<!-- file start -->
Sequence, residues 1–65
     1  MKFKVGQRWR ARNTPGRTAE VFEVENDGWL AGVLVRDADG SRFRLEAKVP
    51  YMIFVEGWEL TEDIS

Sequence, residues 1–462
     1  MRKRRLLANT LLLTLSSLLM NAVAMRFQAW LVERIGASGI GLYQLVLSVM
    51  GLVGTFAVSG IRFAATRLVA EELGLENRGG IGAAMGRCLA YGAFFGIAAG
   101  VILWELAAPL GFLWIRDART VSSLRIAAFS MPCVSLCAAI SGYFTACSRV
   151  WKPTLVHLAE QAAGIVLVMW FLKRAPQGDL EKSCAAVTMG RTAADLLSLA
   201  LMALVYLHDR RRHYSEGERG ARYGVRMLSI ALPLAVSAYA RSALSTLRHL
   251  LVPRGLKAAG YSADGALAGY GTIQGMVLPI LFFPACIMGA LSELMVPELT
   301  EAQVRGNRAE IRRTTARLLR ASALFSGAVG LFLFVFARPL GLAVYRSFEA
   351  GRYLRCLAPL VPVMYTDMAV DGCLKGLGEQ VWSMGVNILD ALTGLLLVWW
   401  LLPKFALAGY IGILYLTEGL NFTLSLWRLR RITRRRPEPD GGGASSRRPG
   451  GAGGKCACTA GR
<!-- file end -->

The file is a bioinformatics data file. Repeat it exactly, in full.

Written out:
Sequence, residues 1–65
     1  MKFKVGQRWR ARNTPGRTAE VFEVENDGWL AGVLVRDADG SRFRLEAKVP
    51  YMIFVEGWEL TEDIS

Sequence, residues 1–462
     1  MRKRRLLANT LLLTLSSLLM NAVAMRFQAW LVERIGASGI GLYQLVLSVM
    51  GLVGTFAVSG IRFAATRLVA EELGLENRGG IGAAMGRCLA YGAFFGIAAG
   101  VILWELAAPL GFLWIRDART VSSLRIAAFS MPCVSLCAAI SGYFTACSRV
   151  WKPTLVHLAE QAAGIVLVMW FLKRAPQGDL EKSCAAVTMG RTAADLLSLA
   201  LMALVYLHDR RRHYSEGERG ARYGVRMLSI ALPLAVSAYA RSALSTLRHL
   251  LVPRGLKAAG YSADGALAGY GTIQGMVLPI LFFPACIMGA LSELMVPELT
   301  EAQVRGNRAE IRRTTARLLR ASALFSGAVG LFLFVFARPL GLAVYRSFEA
   351  GRYLRCLAPL VPVMYTDMAV DGCLKGLGEQ VWSMGVNILD ALTGLLLVWW
   401  LLPKFALAGY IGILYLTEGL NFTLSLWRLR RITRRRPEPD GGGASSRRPG
   451  GAGGKCACTA GR